7) Schedule a game night.

          No, I don’t mean watching football, hockey, or soccer. I mean an old-fashioned table game. Whether you like to play dice, cards, Monopoly, or even beer pong, a game night is a good way to break up the routine and allow some real socialization with friends or family (Sorry, online versions don’t count here). This is an excellent way to reconnect with others and disconnect from the Internet for a night. You’ll be surprised at how much warmer and more cared-for you’ll feel at the end of the evening, too!

          8) Watch the sunset.

          20090107-sunset1

            There are just some things that cannot be simulated or duplicated. Why not take your lover out around sunset and watch the sun go down? Not only is it a great, intimate way to spend a little time, but it will also help you think about some of life’s bigger questions, like why the things we place such a premium on really don’t matter much in the end. This is a perfect time to tell your partner, “I love you and I’m so thankful that you’re in my life.” You’ll also feel more at peace, which is always a worthy outcome!

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            Last Updated on February 21, 2019

            The Secret to Effective Conflict Resolution: The IBR Approach

            The Secret to Effective Conflict Resolution: The IBR Approach

            In business, in social relationships, in family… In whatever context conflict is always inevitable, especially when you are in the leader role. This role equals “make decisions for the best of majority” and the remaining are not amused. Conflicts arise.

            Conflicts arise when we want to push for a better quality work but some members want to take a break from work.

            Conflicts arise when we as citizens want more recreational facilities but the Government has to balance the needs to maintain tourism growth.

            Conflicts are literally everywhere.

            Avoiding Conflicts a No-No and Resolving Conflicts a Win-Win

            Avoiding conflicts seem to be a viable option for us. The cruel fact is, it isn’t. Conflicts won’t walk away by themselves. They will, instead, escalate and haunt you back even more when we finally realize that’s no way we can let it be.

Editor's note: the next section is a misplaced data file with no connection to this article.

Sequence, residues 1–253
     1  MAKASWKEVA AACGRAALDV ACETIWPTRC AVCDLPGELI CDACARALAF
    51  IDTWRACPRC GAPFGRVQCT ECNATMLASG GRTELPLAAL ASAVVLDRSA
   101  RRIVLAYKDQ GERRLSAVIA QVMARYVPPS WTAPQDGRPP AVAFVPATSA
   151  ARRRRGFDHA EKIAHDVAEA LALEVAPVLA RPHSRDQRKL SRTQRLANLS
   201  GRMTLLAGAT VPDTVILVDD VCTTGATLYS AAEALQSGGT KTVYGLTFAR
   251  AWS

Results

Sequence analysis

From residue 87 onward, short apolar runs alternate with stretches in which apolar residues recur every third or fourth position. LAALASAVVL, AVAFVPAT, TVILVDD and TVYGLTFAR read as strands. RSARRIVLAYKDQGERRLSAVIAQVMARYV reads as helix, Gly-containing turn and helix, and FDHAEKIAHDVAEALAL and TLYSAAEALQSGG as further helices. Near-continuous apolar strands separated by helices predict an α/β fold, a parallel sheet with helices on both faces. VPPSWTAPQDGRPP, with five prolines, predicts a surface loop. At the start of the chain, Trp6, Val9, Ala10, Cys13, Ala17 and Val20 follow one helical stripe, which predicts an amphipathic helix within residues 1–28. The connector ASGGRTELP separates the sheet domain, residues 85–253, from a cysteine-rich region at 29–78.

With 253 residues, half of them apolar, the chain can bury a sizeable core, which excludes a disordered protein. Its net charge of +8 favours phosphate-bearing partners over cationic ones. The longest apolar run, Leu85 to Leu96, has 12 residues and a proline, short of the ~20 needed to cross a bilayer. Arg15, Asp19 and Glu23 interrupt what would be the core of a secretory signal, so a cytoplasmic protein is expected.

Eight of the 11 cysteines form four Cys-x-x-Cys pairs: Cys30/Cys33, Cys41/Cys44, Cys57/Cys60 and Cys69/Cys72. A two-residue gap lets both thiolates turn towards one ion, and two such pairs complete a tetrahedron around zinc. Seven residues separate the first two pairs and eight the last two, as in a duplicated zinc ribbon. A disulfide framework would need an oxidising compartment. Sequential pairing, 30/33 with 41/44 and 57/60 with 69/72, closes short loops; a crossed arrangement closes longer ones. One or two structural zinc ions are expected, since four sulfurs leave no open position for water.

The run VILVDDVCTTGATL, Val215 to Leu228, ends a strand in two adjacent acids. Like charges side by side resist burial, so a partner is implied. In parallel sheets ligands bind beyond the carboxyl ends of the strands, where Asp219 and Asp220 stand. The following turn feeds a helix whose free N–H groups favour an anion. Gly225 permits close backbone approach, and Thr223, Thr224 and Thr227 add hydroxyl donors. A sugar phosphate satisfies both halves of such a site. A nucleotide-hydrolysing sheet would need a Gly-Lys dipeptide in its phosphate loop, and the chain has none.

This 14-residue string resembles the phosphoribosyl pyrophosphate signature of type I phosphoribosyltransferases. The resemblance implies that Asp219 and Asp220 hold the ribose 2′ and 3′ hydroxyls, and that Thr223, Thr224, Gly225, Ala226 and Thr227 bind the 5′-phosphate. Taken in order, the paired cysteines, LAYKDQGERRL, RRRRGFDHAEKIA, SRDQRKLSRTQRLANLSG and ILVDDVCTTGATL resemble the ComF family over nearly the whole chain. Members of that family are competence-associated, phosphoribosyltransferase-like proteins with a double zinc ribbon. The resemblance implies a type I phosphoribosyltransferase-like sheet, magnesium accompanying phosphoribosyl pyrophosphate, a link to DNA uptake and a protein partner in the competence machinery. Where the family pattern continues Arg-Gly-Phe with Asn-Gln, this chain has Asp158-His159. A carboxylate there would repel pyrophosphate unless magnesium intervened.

Moreover, avoiding conflicts will eventually intensify the misunderstanding among the involved parties. And the misunderstanding severely hinders open communication which later on the parties tend to keep things secret. This is obviously detrimental to teamwork.

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            Some may view conflicts as the last step before arguments. And they thus leave it aside as if they never happen. This is not true.

            Conflicts are the intersect point between different individuals with different opinions. And this does not necessarily lead to argument.

            Instead, proper handling of conflicts can actually result in a win-win situation – both parties are pleased and allies are gained. A better understanding between each other and future conflicts are less likely to happen.

            The IBR Approach to Resolve Conflicts

            Here, we introduce to you an effective approach to resolve conflicts – the Interest-Based Relational (IBR) approach. The IBR approach was developed by Roger Fisher and William Ury in their 1981 book Getting to Yes. It stresses the importance of the separation between people and their emotions from the problem. Another focus of the approach is to build mutual understanding and respect as they strengthen bonds among parties and can ultimately help resolve conflicts in a harmonious way. The approach suggests a 6-step procedure for conflict resolution:

            Step 1: Prioritize Good Relationships

            How? Before addressing the problem or even starting the discussion, make it clear the conflict can result in a mutual trouble and through subsequent respectful negotiation the conflict can be resolved peacefully. And that brings the best outcome to the whole team by working together.

            Why? It is easy to overlook own cause of the conflict and point the finger to the members with different opinions. With such a mindset, it is likely to blame rather than to listen to the others and fail to acknowledge the problem completely. Such a discussion manner will undermine the good relationships among the members and aggravate the problem.

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            Example: Before discussion, stress that the problem is never one’s complete fault. Everyone is responsible for it. Then, it is important to point out our own involvement in the problem and state clearly we are here to listen to everyone’s opinions rather than accusing others.

            Step 2: People Are NOT the Cause of Problem